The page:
Burlingame, California-based Color is seeking to make clinical-grade genomic testing more accessible—and to better integrate it into care. (Color)

Color is a winner of FierceHealthcare's Fierce 15 awards. See our other honorees here

When new technologies are introduced, there's usually a hobbyist phase. That's the time when enthusiasts begin figuring out the most interesting uses for the newest widget.

For example, in genomics, it all started with folks testing their DNA to learn about their ancestry or interesting health findings, said Caroline Savello, the VP of Commercial for Color.

But the field is finally entering the next wave in figuring out how to harness that information, Savello said. 

Caroline Savello (Color)

“Everyone understands intuitively that this is going to be an incredibly important data layer in human health and how we manage and deliver care to populations," she said.

And that is where Burlingame, California-based Color has been seeking to change everything, she said.

"We’ve built this complete delivery model that makes it very simple for institutions to be able to implement that across the whole population," she said. "What came next was, we realized in building that end-to-end delivery model, we'd built the full virtualized delivery model of a clinical service that could be made available to the full populations."

To that end, 2019 was a busy year for Color. 

In December, the company announced a partnership with the Teamsters Health and Welfare Fund of Philadelphia and Vicinity to provide access to Color's clinical-grade genomic services to about 14,000 members of their regional unions. It came just months after Ochsner Health System announced a first-of-its-kind, fully digital population health pilot program that integrates clinical genomics into standard care and Color announced that it would provide more than 10,000 NorthShore University HealthSystem patients access to Color’s clinical-grade testing.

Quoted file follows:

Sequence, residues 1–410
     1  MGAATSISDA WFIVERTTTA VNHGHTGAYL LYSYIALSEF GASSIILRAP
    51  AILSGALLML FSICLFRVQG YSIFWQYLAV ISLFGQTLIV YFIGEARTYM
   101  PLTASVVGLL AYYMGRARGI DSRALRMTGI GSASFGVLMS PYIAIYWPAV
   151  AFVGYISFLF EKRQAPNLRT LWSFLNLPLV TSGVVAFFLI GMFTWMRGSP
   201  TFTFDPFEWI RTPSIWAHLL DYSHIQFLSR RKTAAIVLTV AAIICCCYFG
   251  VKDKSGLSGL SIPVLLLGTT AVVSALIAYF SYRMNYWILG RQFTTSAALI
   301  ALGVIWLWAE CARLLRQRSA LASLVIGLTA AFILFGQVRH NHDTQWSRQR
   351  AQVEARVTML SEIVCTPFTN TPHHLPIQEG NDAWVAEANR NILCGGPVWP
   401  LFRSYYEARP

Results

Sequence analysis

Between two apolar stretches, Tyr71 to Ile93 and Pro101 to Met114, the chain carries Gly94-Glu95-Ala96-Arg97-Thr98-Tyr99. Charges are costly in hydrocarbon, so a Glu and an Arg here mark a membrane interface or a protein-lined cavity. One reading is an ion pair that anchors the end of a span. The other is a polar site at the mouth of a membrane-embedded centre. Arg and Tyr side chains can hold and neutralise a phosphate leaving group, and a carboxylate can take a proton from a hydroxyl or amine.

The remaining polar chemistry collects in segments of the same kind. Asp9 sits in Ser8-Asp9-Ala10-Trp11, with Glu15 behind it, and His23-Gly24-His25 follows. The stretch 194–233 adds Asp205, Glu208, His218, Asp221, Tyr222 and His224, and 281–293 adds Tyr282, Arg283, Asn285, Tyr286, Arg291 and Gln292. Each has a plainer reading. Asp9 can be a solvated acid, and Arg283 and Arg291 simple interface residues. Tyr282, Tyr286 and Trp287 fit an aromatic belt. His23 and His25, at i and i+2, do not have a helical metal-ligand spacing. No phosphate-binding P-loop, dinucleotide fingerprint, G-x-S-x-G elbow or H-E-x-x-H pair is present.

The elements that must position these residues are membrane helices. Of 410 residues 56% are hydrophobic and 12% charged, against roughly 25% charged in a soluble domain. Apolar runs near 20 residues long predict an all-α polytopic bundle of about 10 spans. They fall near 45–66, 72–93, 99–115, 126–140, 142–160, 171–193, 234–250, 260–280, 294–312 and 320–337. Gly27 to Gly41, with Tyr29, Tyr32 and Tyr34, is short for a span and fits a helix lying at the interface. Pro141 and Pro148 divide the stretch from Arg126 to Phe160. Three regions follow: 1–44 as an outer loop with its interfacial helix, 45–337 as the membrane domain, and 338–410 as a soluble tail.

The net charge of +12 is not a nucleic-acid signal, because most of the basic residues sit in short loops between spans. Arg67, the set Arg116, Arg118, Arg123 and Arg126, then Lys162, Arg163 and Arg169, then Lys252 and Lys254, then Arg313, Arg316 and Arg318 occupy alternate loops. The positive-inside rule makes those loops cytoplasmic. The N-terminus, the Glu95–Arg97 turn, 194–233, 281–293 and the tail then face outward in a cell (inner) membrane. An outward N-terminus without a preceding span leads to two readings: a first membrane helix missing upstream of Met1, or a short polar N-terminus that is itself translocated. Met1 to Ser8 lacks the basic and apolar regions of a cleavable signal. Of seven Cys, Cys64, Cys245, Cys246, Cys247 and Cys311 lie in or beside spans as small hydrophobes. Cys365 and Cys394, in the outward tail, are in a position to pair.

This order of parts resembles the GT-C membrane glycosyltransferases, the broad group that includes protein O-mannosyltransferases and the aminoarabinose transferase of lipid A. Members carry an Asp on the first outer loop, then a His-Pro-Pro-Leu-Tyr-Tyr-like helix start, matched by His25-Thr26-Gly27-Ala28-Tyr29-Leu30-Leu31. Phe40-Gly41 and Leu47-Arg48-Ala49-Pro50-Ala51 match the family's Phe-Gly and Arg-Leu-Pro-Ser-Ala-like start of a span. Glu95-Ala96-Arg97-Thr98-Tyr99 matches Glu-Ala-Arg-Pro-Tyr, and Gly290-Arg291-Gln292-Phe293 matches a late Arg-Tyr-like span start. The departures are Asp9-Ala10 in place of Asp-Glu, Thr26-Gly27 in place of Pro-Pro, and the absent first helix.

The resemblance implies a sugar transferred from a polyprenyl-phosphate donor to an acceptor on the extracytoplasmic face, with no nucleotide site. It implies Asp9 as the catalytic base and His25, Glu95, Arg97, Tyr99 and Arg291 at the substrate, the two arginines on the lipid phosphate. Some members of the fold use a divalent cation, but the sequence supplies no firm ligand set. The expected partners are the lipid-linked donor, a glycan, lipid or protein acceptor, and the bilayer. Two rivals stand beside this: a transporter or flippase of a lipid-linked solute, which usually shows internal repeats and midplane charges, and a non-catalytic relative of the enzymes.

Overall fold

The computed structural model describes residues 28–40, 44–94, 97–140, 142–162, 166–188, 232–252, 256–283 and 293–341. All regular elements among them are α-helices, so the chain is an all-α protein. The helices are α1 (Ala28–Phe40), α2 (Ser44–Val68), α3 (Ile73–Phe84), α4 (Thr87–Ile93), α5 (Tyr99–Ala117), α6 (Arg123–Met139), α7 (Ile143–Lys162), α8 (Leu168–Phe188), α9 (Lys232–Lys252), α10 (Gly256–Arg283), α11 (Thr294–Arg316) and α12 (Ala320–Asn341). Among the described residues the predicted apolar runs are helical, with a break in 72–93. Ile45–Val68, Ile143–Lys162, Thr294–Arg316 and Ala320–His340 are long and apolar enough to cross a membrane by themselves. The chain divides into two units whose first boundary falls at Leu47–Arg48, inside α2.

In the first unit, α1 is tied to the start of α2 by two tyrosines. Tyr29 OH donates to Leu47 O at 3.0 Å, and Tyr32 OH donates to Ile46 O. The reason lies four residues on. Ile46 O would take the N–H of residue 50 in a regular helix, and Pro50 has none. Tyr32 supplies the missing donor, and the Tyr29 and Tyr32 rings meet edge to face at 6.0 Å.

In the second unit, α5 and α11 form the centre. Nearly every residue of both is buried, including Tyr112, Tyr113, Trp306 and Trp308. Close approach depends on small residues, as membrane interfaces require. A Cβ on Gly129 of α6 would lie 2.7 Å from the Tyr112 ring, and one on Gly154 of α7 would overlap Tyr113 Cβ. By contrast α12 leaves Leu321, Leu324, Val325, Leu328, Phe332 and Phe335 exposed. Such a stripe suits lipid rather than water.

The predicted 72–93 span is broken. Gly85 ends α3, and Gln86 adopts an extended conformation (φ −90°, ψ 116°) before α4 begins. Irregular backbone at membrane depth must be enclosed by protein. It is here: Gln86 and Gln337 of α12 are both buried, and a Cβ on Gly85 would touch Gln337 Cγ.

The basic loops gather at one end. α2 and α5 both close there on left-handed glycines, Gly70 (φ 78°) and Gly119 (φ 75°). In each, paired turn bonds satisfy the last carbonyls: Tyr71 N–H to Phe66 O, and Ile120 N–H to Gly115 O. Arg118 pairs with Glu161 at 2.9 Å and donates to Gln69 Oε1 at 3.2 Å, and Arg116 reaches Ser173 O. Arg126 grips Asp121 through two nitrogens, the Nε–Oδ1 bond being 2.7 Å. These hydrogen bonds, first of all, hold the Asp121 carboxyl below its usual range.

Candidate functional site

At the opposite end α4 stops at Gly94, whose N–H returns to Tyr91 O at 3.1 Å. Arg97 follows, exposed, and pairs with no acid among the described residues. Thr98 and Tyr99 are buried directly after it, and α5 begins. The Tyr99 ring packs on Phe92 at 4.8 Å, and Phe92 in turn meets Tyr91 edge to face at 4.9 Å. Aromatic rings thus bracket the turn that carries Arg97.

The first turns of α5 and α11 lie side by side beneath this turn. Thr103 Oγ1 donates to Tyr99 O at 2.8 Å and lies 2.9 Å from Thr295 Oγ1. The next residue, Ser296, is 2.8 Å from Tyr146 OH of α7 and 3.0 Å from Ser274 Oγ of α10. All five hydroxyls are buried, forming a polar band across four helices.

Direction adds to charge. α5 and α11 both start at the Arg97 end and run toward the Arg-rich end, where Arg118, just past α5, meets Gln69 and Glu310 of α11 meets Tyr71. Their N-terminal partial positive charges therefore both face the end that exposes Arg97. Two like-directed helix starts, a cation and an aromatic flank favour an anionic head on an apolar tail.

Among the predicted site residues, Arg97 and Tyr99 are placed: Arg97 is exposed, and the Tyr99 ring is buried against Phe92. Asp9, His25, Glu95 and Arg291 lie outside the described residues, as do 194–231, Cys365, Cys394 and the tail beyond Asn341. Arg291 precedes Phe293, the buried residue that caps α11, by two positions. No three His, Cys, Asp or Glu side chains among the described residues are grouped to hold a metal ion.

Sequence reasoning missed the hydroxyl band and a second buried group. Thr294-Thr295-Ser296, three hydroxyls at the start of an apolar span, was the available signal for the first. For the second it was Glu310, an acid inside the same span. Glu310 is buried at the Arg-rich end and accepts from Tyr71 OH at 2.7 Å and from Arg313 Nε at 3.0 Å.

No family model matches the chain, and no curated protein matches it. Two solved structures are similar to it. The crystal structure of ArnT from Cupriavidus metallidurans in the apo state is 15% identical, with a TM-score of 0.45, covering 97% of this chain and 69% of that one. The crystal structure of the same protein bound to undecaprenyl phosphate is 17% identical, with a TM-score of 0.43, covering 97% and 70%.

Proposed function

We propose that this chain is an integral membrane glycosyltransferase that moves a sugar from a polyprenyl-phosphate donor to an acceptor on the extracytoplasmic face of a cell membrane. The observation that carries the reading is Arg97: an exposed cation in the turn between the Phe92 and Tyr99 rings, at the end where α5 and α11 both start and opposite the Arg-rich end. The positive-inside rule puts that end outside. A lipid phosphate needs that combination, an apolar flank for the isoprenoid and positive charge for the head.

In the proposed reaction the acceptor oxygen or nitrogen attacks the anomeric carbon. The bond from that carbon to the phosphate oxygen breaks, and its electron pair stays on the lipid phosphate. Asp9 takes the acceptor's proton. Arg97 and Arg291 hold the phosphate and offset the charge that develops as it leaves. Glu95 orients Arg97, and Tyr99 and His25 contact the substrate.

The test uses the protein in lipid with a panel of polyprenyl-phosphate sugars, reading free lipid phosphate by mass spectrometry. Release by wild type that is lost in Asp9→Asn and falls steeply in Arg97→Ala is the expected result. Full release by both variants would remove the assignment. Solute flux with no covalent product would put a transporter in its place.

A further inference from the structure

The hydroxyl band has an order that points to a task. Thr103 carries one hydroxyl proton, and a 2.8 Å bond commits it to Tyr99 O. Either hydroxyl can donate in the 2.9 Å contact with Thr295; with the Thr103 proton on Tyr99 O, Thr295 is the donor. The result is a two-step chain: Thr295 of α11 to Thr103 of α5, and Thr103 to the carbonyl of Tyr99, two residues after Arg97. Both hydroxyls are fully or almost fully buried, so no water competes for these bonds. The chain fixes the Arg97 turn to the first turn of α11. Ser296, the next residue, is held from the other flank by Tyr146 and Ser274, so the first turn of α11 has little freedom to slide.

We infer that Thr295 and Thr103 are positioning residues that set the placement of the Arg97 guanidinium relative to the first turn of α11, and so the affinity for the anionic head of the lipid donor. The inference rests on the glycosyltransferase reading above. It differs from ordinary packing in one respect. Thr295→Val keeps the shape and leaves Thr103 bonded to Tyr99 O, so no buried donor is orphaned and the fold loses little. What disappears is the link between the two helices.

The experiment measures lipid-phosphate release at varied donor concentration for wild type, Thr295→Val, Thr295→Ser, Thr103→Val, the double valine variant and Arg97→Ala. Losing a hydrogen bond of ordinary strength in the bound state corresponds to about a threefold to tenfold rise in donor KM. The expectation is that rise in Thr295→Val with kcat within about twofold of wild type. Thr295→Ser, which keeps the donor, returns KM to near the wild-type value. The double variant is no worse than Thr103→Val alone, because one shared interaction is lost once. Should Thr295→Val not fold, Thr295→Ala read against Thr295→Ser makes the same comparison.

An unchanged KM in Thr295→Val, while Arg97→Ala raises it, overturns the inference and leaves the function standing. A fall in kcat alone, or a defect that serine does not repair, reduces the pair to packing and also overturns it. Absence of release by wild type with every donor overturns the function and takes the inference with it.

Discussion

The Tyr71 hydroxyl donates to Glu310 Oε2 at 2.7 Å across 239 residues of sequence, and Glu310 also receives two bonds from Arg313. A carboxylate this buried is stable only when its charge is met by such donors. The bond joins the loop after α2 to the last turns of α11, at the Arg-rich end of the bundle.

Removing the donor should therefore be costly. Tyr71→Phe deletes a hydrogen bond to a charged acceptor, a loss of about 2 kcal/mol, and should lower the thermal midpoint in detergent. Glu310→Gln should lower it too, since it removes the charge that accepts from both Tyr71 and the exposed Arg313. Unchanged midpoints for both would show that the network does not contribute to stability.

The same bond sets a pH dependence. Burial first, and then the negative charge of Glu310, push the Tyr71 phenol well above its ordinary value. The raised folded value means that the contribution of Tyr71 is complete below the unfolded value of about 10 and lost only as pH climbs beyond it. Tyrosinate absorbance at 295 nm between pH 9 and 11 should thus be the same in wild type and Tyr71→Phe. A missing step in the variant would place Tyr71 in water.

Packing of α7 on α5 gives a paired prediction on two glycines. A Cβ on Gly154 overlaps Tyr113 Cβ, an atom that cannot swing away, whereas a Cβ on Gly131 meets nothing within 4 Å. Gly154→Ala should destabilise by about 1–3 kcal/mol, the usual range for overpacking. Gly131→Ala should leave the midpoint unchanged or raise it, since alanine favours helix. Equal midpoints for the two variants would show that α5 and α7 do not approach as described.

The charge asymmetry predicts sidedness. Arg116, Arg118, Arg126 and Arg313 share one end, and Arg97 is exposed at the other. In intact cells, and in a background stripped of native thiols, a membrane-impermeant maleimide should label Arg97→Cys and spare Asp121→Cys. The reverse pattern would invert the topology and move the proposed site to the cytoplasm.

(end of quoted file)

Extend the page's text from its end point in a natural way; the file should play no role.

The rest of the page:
Beyond that, the NIH All of Us Research Program awarded Color a $4.6 million grant to act as the initiative’s nationwide genetic counseling service. It expanded on Color’s existing genotyping of patient samples as part of the program. In October, Color and Verily Life Sciences announced a plan to partner on returning actionable genetic information to all participants as part of Verily’s Project Baseline Health Study.

"In the last 18 months, we saw a huge acceleration with institutions around the world and across every type of player in the health ecosystem—whether it’s hospitals or health systems, large-scale research programs, payers, care delivery, employers—who want to change the care delivery model for their population by understanding genetics across the population."

Color intends to be part of that change, she said. 

Fierce insights from Color VP of Commercial Caroline Savello

What is your best piece of advice for launching a healthcare company that challenges the status quo?

The inertia in healthcare is significant—and there are lots more reasons to say “no” to new technology than to say “yes” to it. And so, in a way, the question should be reframed to "How do you transform together in healthcare vs. disrupt/challenge?" You introduce a layer of efficiency and impact into how things are done today.